I recently had the privilege of meeting Gina Brooke, a legend in the beauty industry who has collaborated on no fewer than five of Madonna’s world tours and several of her music videos, including “Hung Up,” for which she won the Music Video Production Association (MVPA) award for best make-up. She’s the person who first told me about oxygen facials, and I figured if no less a figure than Ms. Brooke was championing the treatment, it was something worth finding out more about.

Looking your best at all times

The first thing you should know is that oxygen facials don’t come cheap – one treatment can easily set you back $200. According to Brooke, Madonna indulges in this lavish beauty treatment before every concert, and is often seen carrying around her own oxygen facial device. And Madonna isn’t the only A-list celebrity who does the treatments, either – apparently Justin Timberlake is doing it, Miranda Kerr is doing it, Naomi Campbell is doing it… they’re all doing it!

oxygen-mask-madonna
Madonna is one of Intraceuticals oxygen facials’ most famous proponents.

“For celebrities who have to be prepared for photographs and public appearances on a moment’s notice, keeping their skin looking its best is a priority,” says New York board certified dermatologist Dr. Kally Papantoniou. “That’s why so many of them are getting regular oxygen facials. At $150-$300 per session and results that only last 4-7 days, you can see why these treatments are out of reach for the average person. But for a wealthy celebrity, they can become a necessity. Frequent plane rides really dry the skin out. One quick oxygen facial will dramatically rehydrate and bring back the dewy youthful look that they need to be camera-ready.”

How oxygen facials work

Oxygen facials were first introduced to consumer markets in 2002 by Intraceuticals, an Australian beauty product company. Over the years, Intraceuticals and other companies have developed various serums to be used in conjunction with the treatment, depending on the patient’s skin type, complexion, and skincare needs. These infusions commonly contain hyaluronic acid, select vitamins, anti-oxidants and peptides.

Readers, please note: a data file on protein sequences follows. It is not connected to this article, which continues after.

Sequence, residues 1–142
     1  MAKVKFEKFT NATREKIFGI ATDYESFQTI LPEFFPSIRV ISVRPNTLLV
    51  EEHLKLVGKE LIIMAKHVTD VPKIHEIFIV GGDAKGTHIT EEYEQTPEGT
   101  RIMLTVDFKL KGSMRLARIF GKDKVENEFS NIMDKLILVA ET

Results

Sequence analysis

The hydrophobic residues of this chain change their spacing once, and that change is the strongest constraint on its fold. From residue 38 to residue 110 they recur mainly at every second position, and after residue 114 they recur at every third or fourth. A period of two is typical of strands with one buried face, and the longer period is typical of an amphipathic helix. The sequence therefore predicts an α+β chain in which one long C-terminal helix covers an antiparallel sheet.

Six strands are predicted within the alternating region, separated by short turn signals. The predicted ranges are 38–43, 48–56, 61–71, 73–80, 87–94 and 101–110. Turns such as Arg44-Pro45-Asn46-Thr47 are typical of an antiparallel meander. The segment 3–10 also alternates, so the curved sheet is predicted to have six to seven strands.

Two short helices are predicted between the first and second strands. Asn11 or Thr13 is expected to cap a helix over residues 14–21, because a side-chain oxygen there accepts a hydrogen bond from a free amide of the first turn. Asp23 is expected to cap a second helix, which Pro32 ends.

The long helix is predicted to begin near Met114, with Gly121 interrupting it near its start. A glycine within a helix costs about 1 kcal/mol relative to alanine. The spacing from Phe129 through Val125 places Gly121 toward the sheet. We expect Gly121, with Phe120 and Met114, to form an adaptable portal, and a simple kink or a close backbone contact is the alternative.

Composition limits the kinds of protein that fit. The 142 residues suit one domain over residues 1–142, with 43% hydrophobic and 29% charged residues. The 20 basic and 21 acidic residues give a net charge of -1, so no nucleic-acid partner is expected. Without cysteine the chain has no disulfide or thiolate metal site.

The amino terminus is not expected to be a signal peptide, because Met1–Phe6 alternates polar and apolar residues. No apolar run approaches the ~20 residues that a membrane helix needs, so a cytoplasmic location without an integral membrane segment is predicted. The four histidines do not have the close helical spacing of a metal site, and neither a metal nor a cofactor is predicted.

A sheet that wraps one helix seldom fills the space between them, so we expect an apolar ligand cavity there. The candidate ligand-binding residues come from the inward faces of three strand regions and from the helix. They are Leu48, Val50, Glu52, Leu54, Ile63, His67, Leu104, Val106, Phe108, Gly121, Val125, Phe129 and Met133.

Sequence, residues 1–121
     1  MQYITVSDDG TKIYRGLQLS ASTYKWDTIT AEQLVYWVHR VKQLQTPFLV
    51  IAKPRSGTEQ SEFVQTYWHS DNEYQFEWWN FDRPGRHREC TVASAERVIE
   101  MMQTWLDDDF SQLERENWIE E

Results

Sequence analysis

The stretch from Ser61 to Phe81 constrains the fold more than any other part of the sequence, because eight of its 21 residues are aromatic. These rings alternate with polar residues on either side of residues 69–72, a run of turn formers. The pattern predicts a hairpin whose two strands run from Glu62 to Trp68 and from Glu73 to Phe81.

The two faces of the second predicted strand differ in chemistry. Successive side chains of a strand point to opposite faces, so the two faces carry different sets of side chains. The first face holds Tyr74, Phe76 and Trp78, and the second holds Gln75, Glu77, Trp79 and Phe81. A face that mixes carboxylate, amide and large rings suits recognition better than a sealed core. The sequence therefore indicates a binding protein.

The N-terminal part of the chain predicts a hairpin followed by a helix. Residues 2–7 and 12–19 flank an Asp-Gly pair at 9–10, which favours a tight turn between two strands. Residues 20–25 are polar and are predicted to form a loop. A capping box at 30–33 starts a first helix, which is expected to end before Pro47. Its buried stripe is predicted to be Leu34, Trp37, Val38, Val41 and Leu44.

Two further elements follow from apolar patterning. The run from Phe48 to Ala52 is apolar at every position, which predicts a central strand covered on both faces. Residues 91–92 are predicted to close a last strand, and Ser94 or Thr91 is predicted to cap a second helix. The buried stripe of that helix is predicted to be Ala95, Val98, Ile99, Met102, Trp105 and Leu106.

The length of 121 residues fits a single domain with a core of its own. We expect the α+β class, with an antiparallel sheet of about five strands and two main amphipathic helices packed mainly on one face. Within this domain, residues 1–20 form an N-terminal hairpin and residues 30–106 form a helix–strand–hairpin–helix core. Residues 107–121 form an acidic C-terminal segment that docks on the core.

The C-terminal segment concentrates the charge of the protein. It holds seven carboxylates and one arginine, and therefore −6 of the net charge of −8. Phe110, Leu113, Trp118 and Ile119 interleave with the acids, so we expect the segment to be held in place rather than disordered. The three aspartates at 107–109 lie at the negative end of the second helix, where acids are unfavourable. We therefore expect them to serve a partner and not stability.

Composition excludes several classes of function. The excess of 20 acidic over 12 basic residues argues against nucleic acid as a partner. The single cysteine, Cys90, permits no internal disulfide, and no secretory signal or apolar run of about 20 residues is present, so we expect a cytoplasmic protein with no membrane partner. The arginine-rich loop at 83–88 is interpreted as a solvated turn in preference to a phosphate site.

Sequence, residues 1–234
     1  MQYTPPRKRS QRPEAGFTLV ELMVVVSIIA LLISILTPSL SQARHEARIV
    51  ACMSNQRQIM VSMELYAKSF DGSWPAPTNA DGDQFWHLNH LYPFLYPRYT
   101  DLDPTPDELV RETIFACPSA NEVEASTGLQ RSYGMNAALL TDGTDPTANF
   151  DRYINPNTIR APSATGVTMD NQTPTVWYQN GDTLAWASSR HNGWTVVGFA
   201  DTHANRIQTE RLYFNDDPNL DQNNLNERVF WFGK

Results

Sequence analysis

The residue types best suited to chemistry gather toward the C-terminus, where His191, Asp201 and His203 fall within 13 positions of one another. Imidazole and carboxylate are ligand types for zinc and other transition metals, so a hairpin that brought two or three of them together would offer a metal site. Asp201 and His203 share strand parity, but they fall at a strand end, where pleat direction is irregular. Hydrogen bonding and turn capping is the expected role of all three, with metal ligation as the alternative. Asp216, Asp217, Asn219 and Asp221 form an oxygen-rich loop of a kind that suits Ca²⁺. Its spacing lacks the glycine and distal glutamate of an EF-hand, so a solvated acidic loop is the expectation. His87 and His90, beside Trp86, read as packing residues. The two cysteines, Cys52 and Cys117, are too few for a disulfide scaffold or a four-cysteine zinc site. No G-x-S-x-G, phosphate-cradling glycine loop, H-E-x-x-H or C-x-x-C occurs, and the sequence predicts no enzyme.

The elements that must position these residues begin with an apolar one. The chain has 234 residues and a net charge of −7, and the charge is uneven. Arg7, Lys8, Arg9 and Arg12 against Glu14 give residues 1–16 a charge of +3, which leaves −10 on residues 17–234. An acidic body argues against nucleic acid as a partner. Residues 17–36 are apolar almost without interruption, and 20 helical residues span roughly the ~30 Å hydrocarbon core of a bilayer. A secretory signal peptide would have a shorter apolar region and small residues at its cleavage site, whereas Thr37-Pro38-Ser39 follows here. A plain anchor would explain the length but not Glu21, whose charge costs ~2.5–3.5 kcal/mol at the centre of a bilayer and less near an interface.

After a gentle exfoliation has been performed to allow for better penetration of the ingredients and oxygen, a handheld device is used to blast a stream of cold air onto the face.

“Oxygen facials are performed with a machine that delivers pressurized oxygen at 90-95% concentration to the skin,” explains Dr. Papantoniou. “The oxygen is antibacterial and purported to expedite the delivery of the serums’ ingredients into the skin. The treatments are painless and take approximately 30 minutes.”

 

 

Dr. Papantoniou acknowledges there’s still some debate over whether the oxygen really penetrates into the skin, and if it truly enhances the delivery of the serum. “There may not be any scientific proof yet,” she says, “but the treatment is harmless and those who’ve had oxygen facials all swear by them.”

An alternative to fillers and injections?

Plumping up and hydrating the skin cells can help minimize the appearance of fine lines. “Oxygen facials firm the delicate skin around your eyes. It’s a great treatment to look into if you have a special occasion to attend or want to really boost the overall health of your skin. Virtually everyone is a candidate,” remarks Dr. Papantoniou. “The only prohibitive factor is the cost, since the benefits of oxygen facials are temporary.” For longer-lasting results she recommends fillers and Botox, which cost significantly less on the long run.

Mylene Archambault of Beautymark Solutions, the Canadian distributor for Intraceuticals, says that while the treatments can’t entirely replace Botox, they come pretty close to it. “They make the skin plumper, firmer and more hydrated,” she explains. “Fine lines and wrinkles disappear instantly. Plus, we can add atoxelene to the oxygen and hyaluronic acid mix, which does almost the same thing as Botox.”

Oxygen treatments can even be used on the lips, according to both Brooke and Archambault. “Hyaluronic acid, in conjunction with oxygen and upward movements for the upper lip and downward motions for the bottom lip, really does have a plumping effect,” says Archambault. “We always use hyaluronic acid and combine it with various ingredients to infuse the skin: vitamin A, C, E, green tea, aloe vera. We can treat the décolleté, the back of the hands, and other areas. We also have the Opulence serum to treat hyperpigmentation. One treatment will sometimes last for weeks. And if you do one treatment weekly for 6 weeks then we call it a cure: the results are there to stay – your skin will never be the same again.”


About The Author

Articles by

Christine is a contributing lifestyle and beauty writer for Zwivel. Her work has been featured in several major Canadian publications (The Huffington Post, La Presse, Clin d'Oeil, etc). Health advocate. Free thinker. HarvardEdx "Leaders of learning" student. The favorite part of my career is the privilege of learning from people who are the best at what they do.


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